The integrity of the frame is guaranteed by the following Cyclic Redundancy Check (CRC) sum.
The Acknowledge (ACK) field comprises the ACK slot and the ACK delimiter. In the ACK field, the transmitting station sends two recessive bits. A receiver, which has received a valid message correctly, reports this to the transmitter by sending a dominant bit during the ACK slot (it sends "ACK"). All stations having received the matching CRC sequence report this within the ACK slot by superscribing the "recessive bit" of the transmitter by a "dominant bit."
The ACK delimiter is the second bit of the ACK field and has to be a "recessive" bit. Correct messages are acknowledged by the receivers regardless of the result of the acceptance test.
The end of the message is indicated by an End of Frame (EOF) field consisting of 7 recessive bits.
The "Inter frame gap" is the minimum number of 3 bits separating consecutive messages. Unless another station starts transmitting, the bus remains idle after this. The identifier with the lowest numerical value has the highest priority. Any potential bus conflicts are resolved by bitwise arbitration in accordance with the wired AND mechanism, by which a dominant state (logic 0) overwrites a recessive state (logic 1).
Advantages of the CAN bus include:
There is no separate master bus controller. Any node, which has priority message, will be transmitting data to the bus.
Because of non-destructive bitwise arbitration, there is no need to retransmit the message; the priority message only will be on the bus.
There is no need for any node to wait for the token (like token ring network) to transmit the message.
There is no need to incorporate extensive collision detection circuits and random timers like the Ethernet because the bitwise arbitration technique makes sure that only one message is on the bus at any one time.
With only the maximum capacity of the bus as a speed-limiting factor, the CAN bus will not collapse or lock up.
As the bus length increases, the data rate falls. For all ISO11898 compliant devices running at 1Mbit/sec, the maximum possible bus length is specified as 40 meters. For longer bus lengths it is necessary to reduce the bit rate — 500 Kb/sec at 100 meters (328 feet); 250 Kb/sec at 200 meters (656 feet); and 125 Kb/sec at 500 meters (1,640 feet).
|Bus idle||Bus should be quiet (no carrier) before any node can transmit|
|Start of frame||1bit|
|Arbitration field||12 bits (11 bits for message identifier and 1 bit for remote transmission request RTR)-CAN2A 32 bits for CAN2B|
|Control field||Indicates how long is data field shown by 6 bits (4 bits for data length code and 2 bits reserved, one of the reserved bits r1 used to identify base frame for CAN2A or extended frame for CAN2B)|
|Data field||Indicates actual data, can be 0 to 8 bytes|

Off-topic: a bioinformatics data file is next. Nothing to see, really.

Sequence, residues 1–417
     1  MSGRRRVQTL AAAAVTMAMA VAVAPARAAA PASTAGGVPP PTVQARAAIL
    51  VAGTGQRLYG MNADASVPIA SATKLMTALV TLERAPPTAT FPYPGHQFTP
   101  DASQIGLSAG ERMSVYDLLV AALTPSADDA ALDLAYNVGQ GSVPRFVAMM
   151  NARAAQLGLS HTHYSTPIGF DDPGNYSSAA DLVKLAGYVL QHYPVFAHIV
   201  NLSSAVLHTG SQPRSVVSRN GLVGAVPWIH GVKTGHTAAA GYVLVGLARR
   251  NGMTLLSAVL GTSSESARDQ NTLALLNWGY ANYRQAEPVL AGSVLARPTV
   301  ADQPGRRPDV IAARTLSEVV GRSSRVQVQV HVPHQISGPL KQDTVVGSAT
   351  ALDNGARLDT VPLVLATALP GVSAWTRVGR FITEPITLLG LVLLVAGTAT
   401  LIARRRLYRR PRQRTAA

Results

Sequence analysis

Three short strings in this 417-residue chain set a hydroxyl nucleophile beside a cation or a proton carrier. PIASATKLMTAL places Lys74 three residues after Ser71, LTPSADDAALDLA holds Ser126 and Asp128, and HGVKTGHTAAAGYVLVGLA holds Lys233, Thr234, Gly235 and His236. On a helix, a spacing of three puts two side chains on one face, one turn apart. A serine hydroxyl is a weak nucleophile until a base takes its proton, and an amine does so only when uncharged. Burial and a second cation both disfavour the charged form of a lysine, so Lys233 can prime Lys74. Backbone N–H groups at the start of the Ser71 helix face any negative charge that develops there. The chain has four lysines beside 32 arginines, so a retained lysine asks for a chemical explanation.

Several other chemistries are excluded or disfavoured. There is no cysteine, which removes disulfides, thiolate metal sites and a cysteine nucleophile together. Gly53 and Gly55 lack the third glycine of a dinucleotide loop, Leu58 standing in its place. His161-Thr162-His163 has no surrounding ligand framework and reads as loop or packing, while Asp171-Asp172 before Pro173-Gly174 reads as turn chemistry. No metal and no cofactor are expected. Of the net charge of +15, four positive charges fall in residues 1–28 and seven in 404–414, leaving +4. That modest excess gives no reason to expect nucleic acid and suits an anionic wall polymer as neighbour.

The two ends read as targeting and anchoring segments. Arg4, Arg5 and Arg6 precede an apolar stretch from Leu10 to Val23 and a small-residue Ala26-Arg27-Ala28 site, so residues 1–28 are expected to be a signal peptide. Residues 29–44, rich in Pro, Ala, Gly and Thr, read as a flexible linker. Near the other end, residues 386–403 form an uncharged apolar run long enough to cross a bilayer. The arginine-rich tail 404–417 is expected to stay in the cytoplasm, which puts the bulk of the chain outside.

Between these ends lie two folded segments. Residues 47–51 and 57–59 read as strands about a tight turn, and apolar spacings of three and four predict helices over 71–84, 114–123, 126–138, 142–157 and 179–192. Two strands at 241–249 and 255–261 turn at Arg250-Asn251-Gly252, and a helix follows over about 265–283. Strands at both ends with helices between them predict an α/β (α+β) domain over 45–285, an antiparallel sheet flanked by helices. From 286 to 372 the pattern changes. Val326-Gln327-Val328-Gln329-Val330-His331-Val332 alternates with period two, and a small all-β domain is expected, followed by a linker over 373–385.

|CRC field||Cyclic Redundancy check-16 bits|
|ACK field||2 bits for acknowledgement|
|End of frame||7 bits indicate end of frame|
|Inter frame gap||3bits gap before next frame|
In order to achieve the utmost safety of data transfer, powerful measures for detection, signaling and self-checking are implemented in every CAN node.
Error detection is done by:
Monitoring data transmitted on the bus. Every transmitter compares the bit level it transmitted with the bit level it received from the bus.
Cyclic redundancy check
Message frame check
Bit stuffing: Continuous 1s and 0s are avoided in the data that is transmitted to eliminate synchronization problems. After five consecutive equal bits, the transmitter inserts a stuff bit into the bit stream. This stuff bit has a complementary value, which is removed by the receivers.
To reduce the number of interconnecting wires from control panels in the flight deck to system computers in the avionics compartment, Airbus deployed CAN bus.
A typical overhead panel like an electrical power system control panel may have about 14 to 15 switches and system- related local indicator lights, each switch having at least six wires, totaling at least 90 wires running from the flight deck to the avionics compartment from just one control panel.
Airbus redesigned these control panels by connecting all the switches and indicators on a panel to a CAN bus controller, which is integral with the panel, and data is transmitted using only two wires. These are called integrated control panels (ICP). ICPs connect to Input/Output Modules (IOM) using CAN data buses.
From IOMs, data is transmitted to the Avionics Data Communication Network (ADCN) using the highly reliable Avionics Full Duplex Switched Ethernet bus (AFDX), and goes to system computer LRUs to perform the intended action. Many overhead panels are connected like this, excepting flight critical systems.
Data is carried by just two wires to the CAN bus, replacing 90 odd wires in older type of airplanes. This type of approach reduces the wiring, improves maintenance and reduces unnecessary aircraft weight.
Boeing followed a similar strategy to reduce wiring on the 777 in 1996, but the company did not use CAN bus. Boeing called it OPAS, for Overhead Panel ARINC 629 System. Overhead panels are connected to a controller in a card file, which converted switch data to an RS 485 bus. The bus controller converts this RS485 bus to the ARINC 629 bus. LRUs connected to 629 buses can get switch position data and also send annunciator discretes to the overhead panel.
Even though Airbus started utilizing CAN bus extensively in the A380 to reduce wiring, the popular ARINC 429 bus is still used on the superjumbo to interconnect radio system control panels (like VHF/HF) in the flight deck to LRUs in avionics compartments.
Currently, many of the radio communication and navigation system LRUs, including VHF/HF transceivers, ATC transponder, weather radar, ILS receivers, VOR receivers and ADF receivers, are manufactured with an interface to the ARINC 429 bus only. There is no radio communications and navigation system component manufactured to interface with CAN bus. Many electronic engine control units, which control powerplant systems, have ARINC 429 interfaces.
The ARINC 429 bus has a well defined data structure suitable for aircraft systems. It is easy to implement and maintain, and it has a simple transmission protocol suitable for many avionics systems.